Yesterday we reported that President Donald Trump will not be invited to attend the funeral for American Hero John McCain, whenever it might occur. (The Arizona Republican Senator has brain cancer and his health is worsening every day.)
The same thing happened recently when former First Lady Barbara Bush passed away, and the sitting president was not invited to attend her funeral either.
Such snubs show the low esteem in which our current president is held by our country’s most prominent politicians, even those from his own party.
Now there are some new developments concerning Senator McCain and they make the story even more interesting.
Yesterday afternoon NBC News reported that former Presidents George W. Bush and Barack Obama have been invited to not only attend but also to deliver eulogies at McCain’s funeral.
McCain’s funeral will take place at the Washington National Cathedral and Vice President Pence will attend, but not speak.
According to NBC, McCain was recently quoted as saying that he doesn’t “know how much longer I’ll be here.”
In his memoir, “The Restless Wave: Good Times, Just Causes, Great Fights, and Other Appreciations,” McCain rebukes the president, questioning his abilities as a leader and criticizing him for his attacks on refugees and the press.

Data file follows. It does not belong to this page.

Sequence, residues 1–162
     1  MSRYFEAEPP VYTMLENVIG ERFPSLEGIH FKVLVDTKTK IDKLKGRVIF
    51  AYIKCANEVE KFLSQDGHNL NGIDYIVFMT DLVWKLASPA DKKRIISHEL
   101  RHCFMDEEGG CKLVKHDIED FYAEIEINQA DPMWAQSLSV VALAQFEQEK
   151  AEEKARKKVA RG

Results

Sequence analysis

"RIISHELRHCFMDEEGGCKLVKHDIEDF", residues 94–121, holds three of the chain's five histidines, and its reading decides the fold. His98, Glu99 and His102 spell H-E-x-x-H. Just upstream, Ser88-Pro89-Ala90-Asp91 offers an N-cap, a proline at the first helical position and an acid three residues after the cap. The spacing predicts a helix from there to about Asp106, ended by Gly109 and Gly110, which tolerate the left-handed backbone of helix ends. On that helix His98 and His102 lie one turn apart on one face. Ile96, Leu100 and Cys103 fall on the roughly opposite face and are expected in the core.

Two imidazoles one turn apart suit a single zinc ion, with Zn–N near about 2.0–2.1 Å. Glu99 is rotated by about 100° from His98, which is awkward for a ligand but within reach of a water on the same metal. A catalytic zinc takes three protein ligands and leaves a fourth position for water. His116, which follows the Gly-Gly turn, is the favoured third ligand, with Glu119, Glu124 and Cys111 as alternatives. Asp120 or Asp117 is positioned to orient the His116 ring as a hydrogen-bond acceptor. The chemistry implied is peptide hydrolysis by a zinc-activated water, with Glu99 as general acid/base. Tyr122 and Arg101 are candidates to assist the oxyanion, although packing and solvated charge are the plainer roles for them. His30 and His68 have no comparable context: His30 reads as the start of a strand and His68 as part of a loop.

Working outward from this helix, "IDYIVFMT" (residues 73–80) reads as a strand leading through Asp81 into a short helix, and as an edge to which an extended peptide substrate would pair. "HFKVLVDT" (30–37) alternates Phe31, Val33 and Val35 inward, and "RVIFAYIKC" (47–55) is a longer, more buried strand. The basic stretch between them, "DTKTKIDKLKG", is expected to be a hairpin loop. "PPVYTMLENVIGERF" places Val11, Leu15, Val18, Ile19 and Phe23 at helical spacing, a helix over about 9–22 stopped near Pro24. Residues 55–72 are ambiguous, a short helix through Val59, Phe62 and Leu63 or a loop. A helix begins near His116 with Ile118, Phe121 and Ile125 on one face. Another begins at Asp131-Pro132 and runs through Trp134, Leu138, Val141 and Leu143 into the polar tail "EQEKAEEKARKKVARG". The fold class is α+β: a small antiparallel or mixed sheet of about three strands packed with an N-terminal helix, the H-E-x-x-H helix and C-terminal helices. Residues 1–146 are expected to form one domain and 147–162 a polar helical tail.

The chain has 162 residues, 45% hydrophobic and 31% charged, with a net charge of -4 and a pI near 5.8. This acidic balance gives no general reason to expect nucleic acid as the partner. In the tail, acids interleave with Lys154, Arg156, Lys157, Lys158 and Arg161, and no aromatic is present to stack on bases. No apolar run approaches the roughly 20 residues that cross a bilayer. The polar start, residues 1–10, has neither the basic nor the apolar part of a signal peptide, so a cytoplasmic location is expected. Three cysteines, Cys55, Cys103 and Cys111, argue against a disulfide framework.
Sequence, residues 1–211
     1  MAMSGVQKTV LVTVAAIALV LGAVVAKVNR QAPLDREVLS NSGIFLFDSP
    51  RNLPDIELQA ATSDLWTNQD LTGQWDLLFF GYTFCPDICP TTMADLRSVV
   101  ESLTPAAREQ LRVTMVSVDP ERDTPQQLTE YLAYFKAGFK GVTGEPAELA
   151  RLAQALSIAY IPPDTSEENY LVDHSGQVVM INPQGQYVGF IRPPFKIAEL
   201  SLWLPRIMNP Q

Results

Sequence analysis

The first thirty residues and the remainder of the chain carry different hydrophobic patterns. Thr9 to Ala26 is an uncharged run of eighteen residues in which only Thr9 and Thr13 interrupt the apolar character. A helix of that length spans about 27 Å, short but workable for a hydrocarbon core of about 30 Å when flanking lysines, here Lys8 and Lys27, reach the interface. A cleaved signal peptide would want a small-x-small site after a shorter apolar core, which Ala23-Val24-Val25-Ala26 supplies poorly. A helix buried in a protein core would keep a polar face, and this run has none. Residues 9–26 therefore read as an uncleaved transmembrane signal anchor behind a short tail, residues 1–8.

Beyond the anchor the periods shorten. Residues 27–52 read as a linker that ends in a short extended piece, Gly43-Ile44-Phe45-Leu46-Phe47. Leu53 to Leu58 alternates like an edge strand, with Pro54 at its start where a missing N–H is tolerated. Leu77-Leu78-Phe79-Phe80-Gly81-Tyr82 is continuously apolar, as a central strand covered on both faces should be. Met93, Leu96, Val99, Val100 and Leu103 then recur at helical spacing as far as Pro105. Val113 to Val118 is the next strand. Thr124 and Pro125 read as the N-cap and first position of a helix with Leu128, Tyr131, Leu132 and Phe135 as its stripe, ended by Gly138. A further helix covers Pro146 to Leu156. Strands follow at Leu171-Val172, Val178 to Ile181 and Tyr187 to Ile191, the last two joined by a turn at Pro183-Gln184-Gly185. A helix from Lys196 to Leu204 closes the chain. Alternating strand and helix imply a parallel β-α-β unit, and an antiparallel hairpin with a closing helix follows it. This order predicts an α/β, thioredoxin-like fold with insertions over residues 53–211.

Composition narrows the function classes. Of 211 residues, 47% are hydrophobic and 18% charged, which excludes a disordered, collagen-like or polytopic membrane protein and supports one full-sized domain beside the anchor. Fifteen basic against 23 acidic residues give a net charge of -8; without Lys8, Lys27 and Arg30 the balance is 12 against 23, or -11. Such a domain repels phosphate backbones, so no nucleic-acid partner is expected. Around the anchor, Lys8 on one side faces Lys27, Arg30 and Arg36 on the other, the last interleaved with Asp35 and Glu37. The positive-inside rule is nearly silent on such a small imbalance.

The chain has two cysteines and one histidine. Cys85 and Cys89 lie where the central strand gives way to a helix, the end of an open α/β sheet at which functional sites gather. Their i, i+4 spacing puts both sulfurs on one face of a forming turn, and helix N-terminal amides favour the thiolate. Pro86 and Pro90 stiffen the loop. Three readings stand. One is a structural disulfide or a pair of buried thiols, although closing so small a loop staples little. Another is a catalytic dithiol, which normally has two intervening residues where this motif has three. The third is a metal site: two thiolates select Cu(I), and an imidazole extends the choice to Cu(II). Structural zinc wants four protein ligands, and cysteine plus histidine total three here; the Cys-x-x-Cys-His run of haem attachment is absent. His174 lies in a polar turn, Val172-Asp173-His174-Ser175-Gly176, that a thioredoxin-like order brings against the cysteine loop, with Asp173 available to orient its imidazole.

“I’m not sure what to make of President Trump’s convictions,” he wrote in the soon-to-be-released book.
The New York Times also ran a story yesterday reporting that the Vietnam War hero, who received the GOP nomination for the presidency in 2008 but lost to Barack Obama, regretted his choice of running mate. In the book he wrote he that he wished he had selected former Sen. Joseph Lieberman of Connecticut instead.
After he won the 2008 GOP nomination it was widely reported that McCain wanted to ask Liberman to join him on the ticket, because he was his closest friend in the U.S. Senate. His advisers reportedly had warned against choosing Lieberman, thinking that the Connecticut senator’s liberal views on abortion rights would divide Republicans and cause him to lose votes.
“It was sound advice that I could reason for myself,” he wrote. “But my gut told me to ignore it and I wish I had.”
In an HBO documentary, McCain also said that not choosing Lieberman was “another mistake” that he made in his political career.
Lieberman told the Times that he didn’t know McCain felt that way. “It touched me greatly,” he said of the film.
Senator McCain’s book is scheduled to be released on May 22nd.
I am a lifelong Democrat with a passion for social justice and progressive issues. I have degrees in writing, economics and law from the University of Iowa.